The Private Equity has largely remained focus in North America and Europe for decades. Its penetration in emerging markets has been very low. However, there have been encouraging signs in these markets. Investments in emerging markets have given higher returns compared to that in traditional markets.
Last decade International Finance Corporation (IFC), the private sector arm of the World Bank Group, invested $2 billion in over 100 emerging market private equity funds giving it exposure to around 1,000 underlying portfolio companies. Its portfolio achieved IRR of 20% with 300 underlying exits; substantially outperforming the relevant benchmarks. The success of the IFC’s investment is one of the examples that demonstrate growing opportunities in Emerging Markets for Private Equity.
Private Equity finds more attractive opportunities in emerging markets for fund raising and deployment. Let us have a look at China and India, the two largest emerging markets. Both countries attract more capital seeking the attractive returns. For example, five of the top 10 largest venture capital investments globally last year were in China and India; the value of deals jumped three times over previous year.
Both China and India are the land of rising households’ income of middle class and also increasing number of Forbes billionaires list. China and India which together constitute one-third of world population offer good opportunities for investments. Local investor capital is also entering into the alternative investment industry. Though the two countries did not go into recession, both are passing through slowdown phase. Let us have some more insights in their economy and their suitability for private equity investments.
Private Equity activity in China
2014 was a bumper year for private equity in China with over 50% increase in volumes and 100% increase in value from previous year. Around 600 PE deals valued at $73bn took place. Local PEs participated in outbound deals in overseas businesses with a strong China angle in their growth strategies. The outbound deals increased by a third. Number of exits increased with M&A as the preferred exit channel. Most of the LPs realized a book-value IRR of 10% to 25% on their portfolio investment.
China has 6,000 private equity funds, managing $325 bn assets. China, the world’s second biggest economy, is undergoing structural reforms to rebalance its economy. From an investment-driven and export oriented economy, it is now moving to a more services- oriented, consumption powered one. Success story such as Alibaba shows that domestic consumption and e-commerce in China has expanded with a rising and increasingly sophisticated middle class in the country.
Investors are attracted by a series of stimulus measures announced last year and the on-going reforms of state-owned enterprises (SOEs). PEs play a key role in the reform of State Owned Enterprises (SOEs).
Though China is passing through the slowdown phase since 2012, but it continues to record positive growth rate of above 7%, still an impressive figure from global standard. China’s economy is likely to become the world’s largest economy in 2024. It may displace the US, which has held the top position for more than a century. A three-fold rise in consumer spending in China will help the country overtake US, according to IHS Inc., a global industrial data and analysis company.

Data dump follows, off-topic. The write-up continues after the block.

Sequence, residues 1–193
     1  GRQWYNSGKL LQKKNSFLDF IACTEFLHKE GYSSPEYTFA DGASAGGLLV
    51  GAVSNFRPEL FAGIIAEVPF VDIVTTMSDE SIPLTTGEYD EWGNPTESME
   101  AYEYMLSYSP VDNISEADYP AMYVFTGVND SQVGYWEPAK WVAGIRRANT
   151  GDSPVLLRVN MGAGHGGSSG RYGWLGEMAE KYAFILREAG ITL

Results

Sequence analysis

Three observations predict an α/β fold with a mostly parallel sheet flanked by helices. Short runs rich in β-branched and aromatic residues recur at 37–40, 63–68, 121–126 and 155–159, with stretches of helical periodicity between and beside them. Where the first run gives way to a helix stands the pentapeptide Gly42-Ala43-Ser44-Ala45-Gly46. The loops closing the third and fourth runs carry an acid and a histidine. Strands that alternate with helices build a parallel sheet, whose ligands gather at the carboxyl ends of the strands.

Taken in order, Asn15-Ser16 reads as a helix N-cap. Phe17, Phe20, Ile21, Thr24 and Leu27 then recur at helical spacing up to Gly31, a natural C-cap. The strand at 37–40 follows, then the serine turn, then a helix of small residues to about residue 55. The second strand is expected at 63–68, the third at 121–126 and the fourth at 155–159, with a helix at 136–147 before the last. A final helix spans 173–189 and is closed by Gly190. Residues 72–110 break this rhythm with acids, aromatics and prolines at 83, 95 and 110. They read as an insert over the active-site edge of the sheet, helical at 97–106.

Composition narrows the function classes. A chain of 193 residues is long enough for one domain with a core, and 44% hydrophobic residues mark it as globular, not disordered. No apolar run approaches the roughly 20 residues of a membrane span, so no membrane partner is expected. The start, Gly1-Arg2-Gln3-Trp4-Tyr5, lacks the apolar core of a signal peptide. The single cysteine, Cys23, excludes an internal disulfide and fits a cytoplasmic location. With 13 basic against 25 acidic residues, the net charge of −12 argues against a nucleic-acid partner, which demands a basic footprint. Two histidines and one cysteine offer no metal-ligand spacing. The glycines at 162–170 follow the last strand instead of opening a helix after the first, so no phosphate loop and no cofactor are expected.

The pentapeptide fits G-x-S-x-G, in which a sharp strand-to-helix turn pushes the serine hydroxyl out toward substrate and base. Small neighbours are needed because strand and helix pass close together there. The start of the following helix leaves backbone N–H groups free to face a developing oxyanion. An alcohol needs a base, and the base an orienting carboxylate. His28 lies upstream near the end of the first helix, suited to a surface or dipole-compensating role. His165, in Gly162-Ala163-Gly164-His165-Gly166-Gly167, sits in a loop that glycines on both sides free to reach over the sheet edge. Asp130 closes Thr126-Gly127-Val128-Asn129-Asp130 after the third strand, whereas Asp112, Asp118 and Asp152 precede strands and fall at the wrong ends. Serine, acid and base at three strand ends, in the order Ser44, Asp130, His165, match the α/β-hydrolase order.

“In 2015, the PE industry is likely to see larger deals and buyouts,” says PwC. SOE reform projects and early-stage projects offer opportunities for PEs. The high growth rate of China provides easy Exit routs through IPOs, strategic trade sales and secondary PE sales. However, experts including IMF have warned that China may face a “hard landing” if it fails to implement structural reforms to make this level of growth more sustainable in the long run. China needs to continue with bold and path-breaking reforms to sustain the PEs momentum.
Private Equity activity in India
India, too, witnessed an increase in PE activity in 2014. PE investments valued $11 bn made in 2014, a 17 per cent increase over previous year. E-commerce took the lead and real estate sector saw a renewed interest. Flipkart, India’s largest e-commerce marketplace, raised $1 billion, biggest funding ever by any Indian. There were over 200 exits valued $3.8 bn. IFC also partly exited one of its two-year-old investments with about 3.6x returns. With stock market at its peak, the exit routes have become easier at higher valuations.
95% of the PE capital in India comes from international investors. Recent changes in the Indian Government approach have caused a surge in optimism amongst the global business community. The Investors are looking for transformation through major reforms in India, a country shaken by crony capitalism, corruption, political paralysis and lethargic bureaucracy since long. Supply bottlenecks arising from problems in the regulatory framework for mining, energy, telecommunication and other sectors need to be addressed to make India more attractive for Private Equity investments.
To conclude, Emerging markets bring a wealth of opportunities, but often with new challenges. PE/ VC Managers have to recognize the distinct financial and cultural aspects of a country or region, deal with the complexities of emerging-market fundraising and investments. Emerging markets require a different investment strategies and efforts for each region. PE Managers have to pick up new funding opportunities and hug earlier-stage investments in emerging markets.
Kanchan Kumar is an experienced finance professional and has worked as an Executive Director and Advisor with the MNCs. He is a former banker with two decades of working experience with a Financial Institution. He is a rank holder in MBA (Finance) and Gold Medallist in MS (Statistics). He has passion for research and has also taught at a University. He writes on Global Economy, Finance and Market.